Investors balancing risks of rising rates, slowing growth, and Chinese Covid resurgence once again hitting supply chains.
- The ECB’s talking tough
- Recession risk rising?
- When the chips are down…
- Can ESG continue to perform?
|S&P 500 is down about 3.7% MTD and about 16.5% YTD||Nasdaq is down 7.3% MTD, but over 27% YTD||Dow Jones is down over 2.6% MTD, over 11.5% YTD|
|Stoxx 600 is down almost 3.5% MTD and over 11% YTD||DAX is up about 0.2% MTD, but down over 1% YTD||CAC40 is down over 3% MTD and down over 11% YTD||IBEX35 is down about 3% MTD and about 1.5% YTD||FTSE MIB is down almost 1% MTD and over 12% YTD||FTSE100 is down about 0.1% MTD and about 2% YTD|
|MSCI World Index is down about 3.5% MTD and almost 16.5% YTD.||Hang Seng is down over 4.5% MTD and 14% YTD|
Tough talking. The ECB has virtually declared its first rate rise in July, as ECB President Christine Lagarde suggested two successive 25 bps rate rises while other members are pushing for 50 bps. The prospect of the end to negative interest rates by Q3 helped the Euro gain back some ground this week to reach over $1.06.
Will the capex cycle hold? Below expected core capital goods orders (only 0.3% in April vs 1.1% in March and up over 10% y/o/y) leaves investors worried that business investment may be starting to fall due to rising interest rates and tightening financial conditions thereby reinforcing recession risk in the US for 2023. Inflation-adjusted GDP decreased at a 1.5% annualised rate in Q1, compared with an initially reported 1.4% decline. Consumer spending, which accounts for the majority of the economy, grew an upwardly revised 3.1%.
Less than chipper chipmakers. Chipmaker Nvidia stock dropped on Wednesday due to continuing supply chain problems with China and events in Ukraine. This reflects the overall situation for semiconductor makers with Marvell Technology and other tech “growth” stocks feeling the pain over fears rising rates and slowing growth will negatively impact these companies if consumer demand falls. According to Bloomberg, the Philadelphia Stock Exchange Semiconductor Index is down 27% this year compared with an approximately 17% decline for the S&P 500.
The truth and nothing but the truth. The US SEC has put forward rule changes about what can actually be labelled ESG in an attempt to avoid unfounded claims by funds on their ESG credentials and require more standard reporting of such disclosures. This comes on the heels of shareholders of big oil players Chevron and Exxon voting not to require more stringent action on addressing emissions from consumers burning its fuels and shareholders at Amazon also voting against each of 15 investor-led resolutions that challenged the company's labour policies.The ESG market is worth about 30% of global AUM and is predicted, according to Bloomberg Intelligence, to grow to $41 trillion by 2022 and $50 trillion by 2025. ETFs like iShares ESG ETFs are one of the many instruments investors have used to enter this fast growing market.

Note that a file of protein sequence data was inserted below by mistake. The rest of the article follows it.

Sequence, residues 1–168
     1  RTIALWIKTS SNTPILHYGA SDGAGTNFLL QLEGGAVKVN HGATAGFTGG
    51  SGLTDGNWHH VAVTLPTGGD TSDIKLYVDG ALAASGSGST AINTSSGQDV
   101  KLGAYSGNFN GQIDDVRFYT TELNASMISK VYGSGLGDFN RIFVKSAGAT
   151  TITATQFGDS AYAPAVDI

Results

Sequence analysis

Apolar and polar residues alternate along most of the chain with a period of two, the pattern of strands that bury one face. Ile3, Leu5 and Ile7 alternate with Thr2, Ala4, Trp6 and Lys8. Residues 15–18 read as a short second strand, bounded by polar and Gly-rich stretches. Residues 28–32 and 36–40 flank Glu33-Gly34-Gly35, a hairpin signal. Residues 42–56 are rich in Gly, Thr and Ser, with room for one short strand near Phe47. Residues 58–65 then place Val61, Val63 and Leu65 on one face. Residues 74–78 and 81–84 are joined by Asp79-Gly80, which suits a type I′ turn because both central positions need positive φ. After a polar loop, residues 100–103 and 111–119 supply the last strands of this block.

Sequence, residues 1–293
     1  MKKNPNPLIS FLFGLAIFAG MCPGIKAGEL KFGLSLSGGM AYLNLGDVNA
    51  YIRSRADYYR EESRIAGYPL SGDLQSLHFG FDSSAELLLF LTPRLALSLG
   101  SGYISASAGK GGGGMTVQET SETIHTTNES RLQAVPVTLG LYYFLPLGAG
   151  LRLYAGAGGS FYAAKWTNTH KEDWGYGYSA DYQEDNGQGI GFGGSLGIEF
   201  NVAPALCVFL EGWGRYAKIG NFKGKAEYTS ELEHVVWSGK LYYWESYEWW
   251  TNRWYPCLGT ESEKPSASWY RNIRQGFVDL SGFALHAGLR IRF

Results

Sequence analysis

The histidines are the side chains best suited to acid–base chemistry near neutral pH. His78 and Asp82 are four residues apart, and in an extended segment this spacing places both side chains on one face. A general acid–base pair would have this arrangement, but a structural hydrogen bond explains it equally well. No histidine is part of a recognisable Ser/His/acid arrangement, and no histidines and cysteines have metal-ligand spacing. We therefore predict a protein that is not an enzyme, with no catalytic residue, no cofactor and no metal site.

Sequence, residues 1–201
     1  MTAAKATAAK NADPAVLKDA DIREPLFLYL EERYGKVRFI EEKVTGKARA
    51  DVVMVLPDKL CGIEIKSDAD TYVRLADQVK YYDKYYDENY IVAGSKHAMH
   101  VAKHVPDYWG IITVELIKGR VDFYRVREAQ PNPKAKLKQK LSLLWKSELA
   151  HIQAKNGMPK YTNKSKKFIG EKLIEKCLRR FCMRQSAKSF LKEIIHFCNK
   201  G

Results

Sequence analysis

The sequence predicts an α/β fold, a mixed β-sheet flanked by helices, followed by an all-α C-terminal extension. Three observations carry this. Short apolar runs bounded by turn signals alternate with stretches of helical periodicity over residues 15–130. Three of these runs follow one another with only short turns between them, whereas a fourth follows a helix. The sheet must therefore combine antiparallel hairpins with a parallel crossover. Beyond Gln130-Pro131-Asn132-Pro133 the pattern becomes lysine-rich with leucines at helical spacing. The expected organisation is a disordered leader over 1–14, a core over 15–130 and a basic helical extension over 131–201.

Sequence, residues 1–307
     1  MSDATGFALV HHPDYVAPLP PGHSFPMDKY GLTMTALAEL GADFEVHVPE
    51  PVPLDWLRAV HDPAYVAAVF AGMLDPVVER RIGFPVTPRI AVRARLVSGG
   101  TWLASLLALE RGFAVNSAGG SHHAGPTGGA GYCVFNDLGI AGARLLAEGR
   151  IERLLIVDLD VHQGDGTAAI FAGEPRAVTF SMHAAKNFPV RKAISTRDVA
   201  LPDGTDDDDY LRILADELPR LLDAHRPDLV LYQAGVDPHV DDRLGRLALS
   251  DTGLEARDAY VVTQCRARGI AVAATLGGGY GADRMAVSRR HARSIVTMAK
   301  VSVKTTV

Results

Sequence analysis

Key data to look out for this coming week
In Europe: The EU leaders summit on Monday and Tuesday may influence EU gas prices if a resolution to ban Russian energy is agreed, Eurozone Business climate and consumer confidence data on Monday will likely show some shakiness, Eurozone HICP on Tuesday will give a good idea of just how bad inflation is hitting consumers, and Eurozone unemployment data on Wednesday may help clarify just how much wiggle room the ECB has.
In the US: Core personal consumption price index (a gauge of inflation) on Friday will be a key focus for the Fed while markets will be attuned to the Michigan Consumer Sentiment Index on Friday and Conference Board Consumer Confidence data on Tuesday as well as the Fed’s Beige Book, which gives an overall picture of economic growth and ISM Manufacturing PMI on Wednesday and ADP employment change on Thursday to see if recent announced cuts in earning forecasts by key retailers like Walmart is resulting in layoffs.
OPEC is meeting on Thursday so expect some further noise in energy markets.
Please remember Monday, 30 May, is Memorial Day in the US and markets there will be closed.
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